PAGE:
Date of Graduation

4-2018

Document Type

Dissertation

Degree Name

Doctor of Education (Ed.D.)

College/School

School of Education

Department

Leadership Studies

Program

Catholic Educational Leadership EdD

First Advisor

Patricia Mitchell

Second Advisor

Ursula Aldana

Third Advisor

Michael Duffy

Abstract

Justice in school is central to both the Catholic church and the government of Singapore. Both institutions have expectations of principals as justice agents to serve the needs of every student by means of equality and equity in educational provision to all students. There is limited research on how principals of Catholic and government primary schools in Singapore perceive their role as justice agents and how they fulfill this expectation.

This qualitative research examined the experiences of primary school principals in Singapore in their enactment of educational leadership for justice. Of the 10 principals interviewed, 4 were principals of Catholic schools and 6 were principals of government schools. Interviews were conducted according to guided questions focused on participants’ perceptions of leadership for justice, the origins of their beliefs about justice, how their beliefs about justice shaped school culture, and ways educational policies, programs, and practices in these schools promoted justice.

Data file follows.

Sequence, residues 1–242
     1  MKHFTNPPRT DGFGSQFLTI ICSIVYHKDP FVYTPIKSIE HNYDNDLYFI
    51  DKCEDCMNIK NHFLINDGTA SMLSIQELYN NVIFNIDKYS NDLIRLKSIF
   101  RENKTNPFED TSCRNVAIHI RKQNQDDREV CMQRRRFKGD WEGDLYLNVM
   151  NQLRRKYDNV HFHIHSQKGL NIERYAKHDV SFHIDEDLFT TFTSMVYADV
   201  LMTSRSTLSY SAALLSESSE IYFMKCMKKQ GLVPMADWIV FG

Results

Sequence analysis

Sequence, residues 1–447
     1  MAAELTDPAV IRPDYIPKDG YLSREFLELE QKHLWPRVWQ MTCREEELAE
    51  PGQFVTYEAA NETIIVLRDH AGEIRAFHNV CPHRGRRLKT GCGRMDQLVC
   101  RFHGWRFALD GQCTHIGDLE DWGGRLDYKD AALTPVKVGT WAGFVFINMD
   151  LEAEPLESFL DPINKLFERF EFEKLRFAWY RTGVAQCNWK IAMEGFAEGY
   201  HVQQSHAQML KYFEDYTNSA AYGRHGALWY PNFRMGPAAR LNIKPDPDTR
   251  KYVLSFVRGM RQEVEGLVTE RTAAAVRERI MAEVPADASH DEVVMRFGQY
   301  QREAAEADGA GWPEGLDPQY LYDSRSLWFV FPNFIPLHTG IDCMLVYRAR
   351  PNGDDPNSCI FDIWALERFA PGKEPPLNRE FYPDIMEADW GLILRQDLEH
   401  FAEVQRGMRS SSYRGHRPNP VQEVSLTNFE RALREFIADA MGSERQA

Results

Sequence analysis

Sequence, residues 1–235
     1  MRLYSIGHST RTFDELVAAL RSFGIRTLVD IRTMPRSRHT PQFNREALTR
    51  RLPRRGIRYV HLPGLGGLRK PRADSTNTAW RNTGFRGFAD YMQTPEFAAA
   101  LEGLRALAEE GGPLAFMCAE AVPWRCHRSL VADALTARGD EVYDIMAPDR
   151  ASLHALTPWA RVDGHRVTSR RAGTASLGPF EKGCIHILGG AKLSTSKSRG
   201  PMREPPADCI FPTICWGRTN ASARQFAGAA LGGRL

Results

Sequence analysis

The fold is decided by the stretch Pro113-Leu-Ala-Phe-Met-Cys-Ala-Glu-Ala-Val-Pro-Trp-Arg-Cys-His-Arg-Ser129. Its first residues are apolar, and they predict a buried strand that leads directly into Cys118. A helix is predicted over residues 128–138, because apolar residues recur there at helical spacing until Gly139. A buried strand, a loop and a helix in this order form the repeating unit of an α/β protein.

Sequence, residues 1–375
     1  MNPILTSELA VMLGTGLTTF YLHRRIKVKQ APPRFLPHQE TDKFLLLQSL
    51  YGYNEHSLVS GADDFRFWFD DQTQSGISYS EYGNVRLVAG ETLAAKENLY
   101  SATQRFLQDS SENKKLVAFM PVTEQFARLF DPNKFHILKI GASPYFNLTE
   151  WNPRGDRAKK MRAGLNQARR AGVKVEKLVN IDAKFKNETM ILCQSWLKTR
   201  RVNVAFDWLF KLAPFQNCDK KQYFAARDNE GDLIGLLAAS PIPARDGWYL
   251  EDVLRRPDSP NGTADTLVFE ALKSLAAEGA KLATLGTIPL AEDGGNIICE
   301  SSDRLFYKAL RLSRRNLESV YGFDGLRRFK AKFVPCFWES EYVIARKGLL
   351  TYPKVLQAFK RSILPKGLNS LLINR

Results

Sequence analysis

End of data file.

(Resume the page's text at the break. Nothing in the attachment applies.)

The results indicated that participants embraced their responsibilities as citizens and public servants and subscribed to the role of education as a social leveler. As public servants, participants recognized the significance of the mission of the Singapore education service to mold the future of the nation and articulated their commitment to it. Leadership for justice in Singapore entailed serving the holistic development of every student including socioemotional development and character formation. Principals as justice agents strived to provide equal opportunities for all students and intentionally pursued equity to equalize students with higher needs. Enactment of leadership for justice necessitates questioning the status quo of structures and leading structural change to promote just practices. Justice for teachers is essential to leadership for justice and encompasses respect for teachers as individuals with personal and professional needs. Principals built trusting relationships with teachers to create a culture of care and advanced the professional development and career growth of teachers.

Because the values and beliefs of principals determine their leadership practice, it is essential that the selection process of educators for the principalship is able to provide insights into potential candidates’ moral compass, self-awareness, and understanding of their own impact and influence.

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